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Report by Ayan Sen, Clinical Fellow, Intensive Care/Emergency Medicine
Search checked by Shweta Gidwani and Craig Ferguson, Clinical Effectiveness Fellows
Institution: Manchester Royal Infirmary, Manchester, UK
In [patients with clinical suspicion of subarachnoid haemorrhage] is [CT Angiography better than non-contrast CT and lumbar puncture] in [detection]?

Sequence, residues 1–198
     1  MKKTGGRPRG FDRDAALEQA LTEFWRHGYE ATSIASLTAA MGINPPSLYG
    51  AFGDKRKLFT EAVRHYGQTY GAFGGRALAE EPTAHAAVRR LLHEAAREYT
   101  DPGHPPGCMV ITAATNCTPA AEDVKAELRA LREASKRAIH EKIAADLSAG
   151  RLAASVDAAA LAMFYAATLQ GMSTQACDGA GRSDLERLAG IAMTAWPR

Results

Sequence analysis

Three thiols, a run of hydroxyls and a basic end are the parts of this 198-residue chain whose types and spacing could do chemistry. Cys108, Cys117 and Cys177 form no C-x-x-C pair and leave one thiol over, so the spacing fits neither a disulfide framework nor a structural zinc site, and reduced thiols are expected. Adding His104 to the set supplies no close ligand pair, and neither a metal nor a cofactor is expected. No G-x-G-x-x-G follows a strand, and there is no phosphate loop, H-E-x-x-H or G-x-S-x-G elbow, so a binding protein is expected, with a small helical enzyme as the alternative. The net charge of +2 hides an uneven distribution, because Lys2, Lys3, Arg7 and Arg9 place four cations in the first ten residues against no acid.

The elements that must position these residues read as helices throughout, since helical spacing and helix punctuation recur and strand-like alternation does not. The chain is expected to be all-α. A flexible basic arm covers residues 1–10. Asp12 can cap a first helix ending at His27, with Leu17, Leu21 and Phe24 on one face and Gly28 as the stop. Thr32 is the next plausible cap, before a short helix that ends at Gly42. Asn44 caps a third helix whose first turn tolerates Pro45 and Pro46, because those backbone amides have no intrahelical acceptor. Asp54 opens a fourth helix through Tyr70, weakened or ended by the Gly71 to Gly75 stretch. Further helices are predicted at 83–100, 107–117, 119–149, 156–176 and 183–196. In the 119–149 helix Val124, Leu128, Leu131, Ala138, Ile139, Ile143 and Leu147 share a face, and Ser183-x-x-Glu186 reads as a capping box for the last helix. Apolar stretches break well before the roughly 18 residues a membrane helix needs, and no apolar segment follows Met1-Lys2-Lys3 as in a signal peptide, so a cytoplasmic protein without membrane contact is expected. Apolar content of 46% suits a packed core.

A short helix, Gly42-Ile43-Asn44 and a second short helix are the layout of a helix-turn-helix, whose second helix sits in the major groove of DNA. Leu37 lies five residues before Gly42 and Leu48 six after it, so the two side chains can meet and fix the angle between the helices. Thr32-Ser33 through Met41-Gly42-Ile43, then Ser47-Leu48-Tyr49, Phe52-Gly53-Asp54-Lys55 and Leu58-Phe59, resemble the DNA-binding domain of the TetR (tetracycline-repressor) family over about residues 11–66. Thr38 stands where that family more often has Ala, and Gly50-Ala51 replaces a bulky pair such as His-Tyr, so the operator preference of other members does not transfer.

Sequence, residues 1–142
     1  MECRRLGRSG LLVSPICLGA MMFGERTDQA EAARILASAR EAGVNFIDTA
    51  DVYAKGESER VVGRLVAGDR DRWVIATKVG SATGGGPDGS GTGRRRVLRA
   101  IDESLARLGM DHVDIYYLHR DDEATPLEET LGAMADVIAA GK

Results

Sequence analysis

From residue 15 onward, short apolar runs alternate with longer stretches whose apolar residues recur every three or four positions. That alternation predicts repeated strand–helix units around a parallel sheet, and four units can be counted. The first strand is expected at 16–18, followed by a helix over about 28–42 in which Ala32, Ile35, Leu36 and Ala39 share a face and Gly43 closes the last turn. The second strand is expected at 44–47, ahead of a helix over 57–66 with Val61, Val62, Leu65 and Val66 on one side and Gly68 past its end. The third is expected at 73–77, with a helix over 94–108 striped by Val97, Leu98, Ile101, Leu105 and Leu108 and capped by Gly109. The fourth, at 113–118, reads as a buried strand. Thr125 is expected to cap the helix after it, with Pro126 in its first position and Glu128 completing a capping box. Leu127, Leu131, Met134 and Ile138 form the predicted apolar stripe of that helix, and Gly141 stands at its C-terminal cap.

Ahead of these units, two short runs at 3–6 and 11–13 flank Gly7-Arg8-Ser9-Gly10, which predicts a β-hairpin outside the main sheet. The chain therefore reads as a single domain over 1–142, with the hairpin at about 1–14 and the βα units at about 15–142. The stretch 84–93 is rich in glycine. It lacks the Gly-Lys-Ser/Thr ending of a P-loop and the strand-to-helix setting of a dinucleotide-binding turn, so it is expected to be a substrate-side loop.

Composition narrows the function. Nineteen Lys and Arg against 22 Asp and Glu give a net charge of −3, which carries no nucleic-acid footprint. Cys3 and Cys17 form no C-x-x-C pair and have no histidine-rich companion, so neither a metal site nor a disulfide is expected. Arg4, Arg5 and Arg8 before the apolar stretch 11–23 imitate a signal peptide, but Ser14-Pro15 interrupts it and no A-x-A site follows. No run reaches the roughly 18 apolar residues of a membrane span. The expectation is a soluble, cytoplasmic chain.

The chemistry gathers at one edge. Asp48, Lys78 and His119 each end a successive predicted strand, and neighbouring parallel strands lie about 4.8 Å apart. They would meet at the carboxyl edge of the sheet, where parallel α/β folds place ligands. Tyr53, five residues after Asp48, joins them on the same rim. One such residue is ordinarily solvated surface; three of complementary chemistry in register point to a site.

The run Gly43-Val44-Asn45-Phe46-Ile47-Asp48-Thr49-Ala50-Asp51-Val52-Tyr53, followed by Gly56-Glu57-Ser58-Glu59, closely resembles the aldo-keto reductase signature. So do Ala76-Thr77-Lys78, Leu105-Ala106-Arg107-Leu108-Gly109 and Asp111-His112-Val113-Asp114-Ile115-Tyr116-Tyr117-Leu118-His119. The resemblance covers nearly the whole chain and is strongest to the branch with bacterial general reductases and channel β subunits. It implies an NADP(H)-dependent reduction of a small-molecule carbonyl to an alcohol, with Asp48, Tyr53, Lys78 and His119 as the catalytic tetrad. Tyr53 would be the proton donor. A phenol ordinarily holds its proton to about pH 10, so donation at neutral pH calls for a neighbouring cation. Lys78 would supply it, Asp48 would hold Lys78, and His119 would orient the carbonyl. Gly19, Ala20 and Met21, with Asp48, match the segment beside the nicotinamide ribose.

A 41-year-old man comes to the Emergency Department complaining of a sudden onset of excruciating headache with photophobia and episodes of vomiting.He is afebrile and has a blood pressure of 180/110 mm Hg. You are worried he may have a subarachnoid haemorrhage (SAH) and arrange an urgent computed tomography (CT) scan.The radiologist kindly agrees to it and reports no haemorrhage seen on …